I would have everyone put their grocery carts away in the cart return.  This change would require an extra one minute of everyone’s time and save the cart-gatherers countless minutes.

I try to live by the motto that if I can do something to make someone’s life a little easier, I should do it.  If someone teaching a class asks a question, I try to answer it if no one else does because it is hard to teach and uncomfortable when no one answers.  If I get crumbs from my meal on the table, I scoop them onto my plate before it gets cleared because wiping a table off and trying not to get crumbs all over the floor for the next people is a really real struggle.  If chairs or tables need to be moved or put away at an event, I stack my own chair because I have put chairs away until midnight.  If I order something, I chat with whoever is waiting for it to finish cooking because it is boring doing the same thing over and over for an entire shift.  I say thank you wherever I go to whoever is there, whether they helped me or not, because it is nice to be told thank you.  Those moments, which maybe total five minutes,  are treasured in the hopes of connecting, of making someone’s day a little easier, of letting people know that they are appreciated and cared for.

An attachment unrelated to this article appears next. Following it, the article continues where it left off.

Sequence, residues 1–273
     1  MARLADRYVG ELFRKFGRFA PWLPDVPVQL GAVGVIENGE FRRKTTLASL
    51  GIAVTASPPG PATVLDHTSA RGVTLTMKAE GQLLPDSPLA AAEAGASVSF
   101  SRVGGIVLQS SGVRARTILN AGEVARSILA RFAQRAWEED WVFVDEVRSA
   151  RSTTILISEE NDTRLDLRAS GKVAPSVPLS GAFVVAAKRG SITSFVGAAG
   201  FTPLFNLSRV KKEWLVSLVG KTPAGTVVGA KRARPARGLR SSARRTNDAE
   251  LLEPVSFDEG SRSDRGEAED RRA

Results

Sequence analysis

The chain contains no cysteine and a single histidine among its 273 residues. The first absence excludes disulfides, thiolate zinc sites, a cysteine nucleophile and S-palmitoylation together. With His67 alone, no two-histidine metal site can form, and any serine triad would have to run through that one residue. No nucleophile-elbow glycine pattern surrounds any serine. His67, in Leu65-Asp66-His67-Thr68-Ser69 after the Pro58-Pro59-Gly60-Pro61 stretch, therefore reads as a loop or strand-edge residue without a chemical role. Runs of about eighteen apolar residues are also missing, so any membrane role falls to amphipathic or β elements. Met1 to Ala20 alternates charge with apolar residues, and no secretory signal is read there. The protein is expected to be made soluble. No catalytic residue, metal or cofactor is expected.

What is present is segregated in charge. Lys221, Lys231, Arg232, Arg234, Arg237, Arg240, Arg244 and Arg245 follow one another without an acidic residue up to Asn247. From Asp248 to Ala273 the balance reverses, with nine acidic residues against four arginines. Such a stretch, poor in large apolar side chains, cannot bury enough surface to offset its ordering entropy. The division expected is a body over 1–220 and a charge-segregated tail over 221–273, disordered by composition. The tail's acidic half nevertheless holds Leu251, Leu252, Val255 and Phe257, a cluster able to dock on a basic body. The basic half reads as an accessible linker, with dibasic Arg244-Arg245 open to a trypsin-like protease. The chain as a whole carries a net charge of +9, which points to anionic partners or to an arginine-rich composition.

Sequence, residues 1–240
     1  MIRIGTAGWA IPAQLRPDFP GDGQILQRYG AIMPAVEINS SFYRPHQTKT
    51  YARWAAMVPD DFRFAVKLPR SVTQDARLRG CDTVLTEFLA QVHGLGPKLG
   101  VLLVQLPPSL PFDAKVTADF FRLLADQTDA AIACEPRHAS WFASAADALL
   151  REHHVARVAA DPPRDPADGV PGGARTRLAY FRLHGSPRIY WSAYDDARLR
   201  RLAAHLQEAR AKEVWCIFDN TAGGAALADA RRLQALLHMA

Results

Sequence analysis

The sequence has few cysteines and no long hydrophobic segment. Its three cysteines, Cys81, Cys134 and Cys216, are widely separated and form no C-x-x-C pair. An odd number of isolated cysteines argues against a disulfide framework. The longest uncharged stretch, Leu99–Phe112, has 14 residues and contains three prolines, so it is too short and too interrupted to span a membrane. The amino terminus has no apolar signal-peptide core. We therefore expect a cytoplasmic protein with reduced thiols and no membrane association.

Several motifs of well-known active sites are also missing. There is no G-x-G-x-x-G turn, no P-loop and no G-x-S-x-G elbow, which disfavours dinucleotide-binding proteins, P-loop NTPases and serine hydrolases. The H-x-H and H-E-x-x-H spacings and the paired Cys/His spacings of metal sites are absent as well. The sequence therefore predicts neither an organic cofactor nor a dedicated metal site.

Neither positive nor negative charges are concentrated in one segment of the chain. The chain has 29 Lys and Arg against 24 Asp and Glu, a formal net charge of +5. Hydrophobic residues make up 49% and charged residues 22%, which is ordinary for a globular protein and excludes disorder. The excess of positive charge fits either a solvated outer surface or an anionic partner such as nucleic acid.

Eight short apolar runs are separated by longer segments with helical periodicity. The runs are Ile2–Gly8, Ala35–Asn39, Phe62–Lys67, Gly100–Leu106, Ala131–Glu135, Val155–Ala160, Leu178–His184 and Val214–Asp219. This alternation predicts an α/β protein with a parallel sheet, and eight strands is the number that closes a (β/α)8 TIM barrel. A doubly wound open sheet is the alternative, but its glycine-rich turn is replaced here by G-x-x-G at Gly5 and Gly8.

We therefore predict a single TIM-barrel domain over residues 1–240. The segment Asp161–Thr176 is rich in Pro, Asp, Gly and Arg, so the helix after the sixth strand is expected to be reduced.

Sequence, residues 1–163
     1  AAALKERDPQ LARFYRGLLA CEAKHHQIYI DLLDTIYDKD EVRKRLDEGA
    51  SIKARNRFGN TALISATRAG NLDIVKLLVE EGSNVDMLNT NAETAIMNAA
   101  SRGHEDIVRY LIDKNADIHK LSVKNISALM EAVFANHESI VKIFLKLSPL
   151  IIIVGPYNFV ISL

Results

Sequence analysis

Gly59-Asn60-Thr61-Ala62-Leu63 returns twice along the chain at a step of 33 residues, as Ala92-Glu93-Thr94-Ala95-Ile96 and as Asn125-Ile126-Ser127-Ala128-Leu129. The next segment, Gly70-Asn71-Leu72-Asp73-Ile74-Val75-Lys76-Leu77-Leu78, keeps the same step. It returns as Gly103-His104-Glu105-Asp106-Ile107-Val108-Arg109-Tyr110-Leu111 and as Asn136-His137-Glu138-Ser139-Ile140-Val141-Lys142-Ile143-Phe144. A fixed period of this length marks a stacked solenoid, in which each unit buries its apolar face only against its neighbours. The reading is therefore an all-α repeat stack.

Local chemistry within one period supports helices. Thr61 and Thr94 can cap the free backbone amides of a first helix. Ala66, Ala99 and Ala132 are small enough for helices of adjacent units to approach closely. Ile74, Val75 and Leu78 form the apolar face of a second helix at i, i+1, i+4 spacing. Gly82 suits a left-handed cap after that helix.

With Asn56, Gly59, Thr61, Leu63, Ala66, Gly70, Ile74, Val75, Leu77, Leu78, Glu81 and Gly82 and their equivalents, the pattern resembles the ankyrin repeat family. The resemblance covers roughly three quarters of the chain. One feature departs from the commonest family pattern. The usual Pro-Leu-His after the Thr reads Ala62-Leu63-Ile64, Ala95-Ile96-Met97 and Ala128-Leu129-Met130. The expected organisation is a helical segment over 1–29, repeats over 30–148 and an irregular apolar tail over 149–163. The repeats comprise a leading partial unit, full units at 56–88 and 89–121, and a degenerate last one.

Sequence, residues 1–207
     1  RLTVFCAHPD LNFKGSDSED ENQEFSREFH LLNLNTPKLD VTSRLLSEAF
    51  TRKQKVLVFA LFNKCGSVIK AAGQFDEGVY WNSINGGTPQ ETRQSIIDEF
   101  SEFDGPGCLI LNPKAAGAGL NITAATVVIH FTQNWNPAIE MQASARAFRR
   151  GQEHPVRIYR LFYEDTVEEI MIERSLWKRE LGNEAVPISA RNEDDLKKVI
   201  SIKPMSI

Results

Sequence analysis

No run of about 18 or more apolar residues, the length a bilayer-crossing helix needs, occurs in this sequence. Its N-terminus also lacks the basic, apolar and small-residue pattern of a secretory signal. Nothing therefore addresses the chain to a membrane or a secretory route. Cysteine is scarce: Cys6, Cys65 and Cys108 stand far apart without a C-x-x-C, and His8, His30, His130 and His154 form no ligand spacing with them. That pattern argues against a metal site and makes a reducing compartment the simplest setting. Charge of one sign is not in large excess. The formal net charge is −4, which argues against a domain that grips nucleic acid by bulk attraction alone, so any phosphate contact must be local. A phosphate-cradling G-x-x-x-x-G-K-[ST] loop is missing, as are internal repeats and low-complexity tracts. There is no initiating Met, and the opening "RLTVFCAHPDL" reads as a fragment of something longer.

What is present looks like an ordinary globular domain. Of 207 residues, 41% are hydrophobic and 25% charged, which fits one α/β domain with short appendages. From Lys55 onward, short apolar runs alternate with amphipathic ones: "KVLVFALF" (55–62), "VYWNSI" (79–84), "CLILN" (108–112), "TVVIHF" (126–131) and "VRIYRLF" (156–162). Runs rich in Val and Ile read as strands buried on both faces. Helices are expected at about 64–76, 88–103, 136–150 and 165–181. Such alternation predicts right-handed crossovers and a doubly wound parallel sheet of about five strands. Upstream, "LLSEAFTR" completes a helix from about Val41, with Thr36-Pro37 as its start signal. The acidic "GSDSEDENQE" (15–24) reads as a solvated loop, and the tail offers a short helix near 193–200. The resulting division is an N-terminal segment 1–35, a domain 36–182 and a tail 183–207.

Cart-gatherers work in snow and rain and heat and night more than mail people do; if I can make their lives easier by returning my cart (and any others along the way), then I’m gonna do it.  And the world would be a better place if everyone else did that, too.

“What do we live for if not to make life less difficult for each other?”

-George Eliot

This one goes out to you and all of your [tots].

I don’t know if this ever happens to you, but sometimes, when I am walking around campus, it just hits me:  I just am so glad that I have tater tots in my life.  Really, it’s just potatoes in general.

If you have a potato, you don’t just have a potato–you have potential.  If you have a potato, you have the potential to have baked potatoes, twice baked potatoes, french fries, potato wedges, tater tots, hash browns, funeral potatoes, au gratin potatoes, potato pancakes, roasted potatoes, mashed potatoes, potato chips, cheesy potato soup, scalloped potatoes, potato skins, potato salad.  The possibilities are endless.